Robert and Laura came for breakfast – or rather they brought their own breakfast! We always have porridge and none of the kids fancied that. It was all too soon before they had to wend their way back to the South Coast. It’s been lovely having them here – I do miss all three (and a half) of them when we are away. Things will be different next year when the baby is here!
Bridge 105 is a pedestrian bridge which leads on to a medieval Packhorse Bridge. The bridge probably dates from the 15th century, with later additions and alterations. It was built to provide a dry route for horses laden with packs on their backs to safely carry cargo across the damp and swampy ground of the river floodplain. The bridge itself is long and narrow. Originally it was up to 200-metres long, but the structure that remains today is about 50 metres in length. The bridge is a Grade II star listed building and was scheduled as a monument in 1987.
We had arranged to continue today with Days Away and set off just after 11am. The approach to Freeman’s Meadow Lock was quite hairy. There is a weir there plus today the wind was blowing the boats over too. Michelle and I had struggled to keep the boats by the bank whilst waiting for the lock to be ready. Richard had to come and hold the boat while I got on and got the engine going on pretty high revs. I could feel the boat being both sucked and blown towards the weir and for some unknown reason the big orange buoy things that they put across weir entrances stop about 40 feet from the lock entrance. It was the first time that I had felt uneasy whilst steering the boat. The photo only shows the weir – I forgot to take a photo of the lack of buoys.
Freeman’s Meadow Lock also overlooks the home of the victorious Leicester City FC. We have passed a lot of houses flying the club’s flag.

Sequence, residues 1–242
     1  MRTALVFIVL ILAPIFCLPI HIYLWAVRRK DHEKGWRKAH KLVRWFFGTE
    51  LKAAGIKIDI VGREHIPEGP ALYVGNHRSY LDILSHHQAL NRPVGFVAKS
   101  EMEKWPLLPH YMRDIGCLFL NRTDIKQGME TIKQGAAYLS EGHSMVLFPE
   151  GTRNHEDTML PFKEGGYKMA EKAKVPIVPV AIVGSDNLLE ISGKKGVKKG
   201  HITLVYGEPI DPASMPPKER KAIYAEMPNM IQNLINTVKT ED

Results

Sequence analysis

It was then down through Leicester and along the Mile Straight. I discovered that there is a Tesco Express right by Mill Lane Bridge and there are bollards and rings there so a great place to stop for the essentials.
There is a new pontoon being built outside “Friars Mill, the oldest factory left in the city. Opened in 1790, it produced woollen yarn from raw fleeces. Closed in 2000 it fell into dereliction until it was badly damaged in an arson attack in 2012. But now it’s rebuilt, and will be home to several businesses. Part of the redevelopment proposal involved installing a mooring pontoon with services, and that’s there now and appears to be open, though I‘m not sure that the service block is yet finished.” This part is brazenly borrowed from NBSeyella’s blog. I hope you don’t mind Geoff :-) The photo is mine though!
Just before North Lock there is some wonderful graffiti – this is only half of it, I couldn’t get a photo of the other half.
Down through Birstall Lock where we had thought about mooring on Sunday – it was rammed so it’s just as well we didn’t go.
Our favoured place for tonight was below Thurmaston Lock and we were really pleased and surprised to find it empty. Just enough room for two boats.
We sat out and chatted until about 8ish when Richard and Aaaron went to get fish and chips. When Richard got back we discovered that we only had chips, mushy peas and beans – no fish!! Richard had thought it was cheap but assumed it must be cheap around here!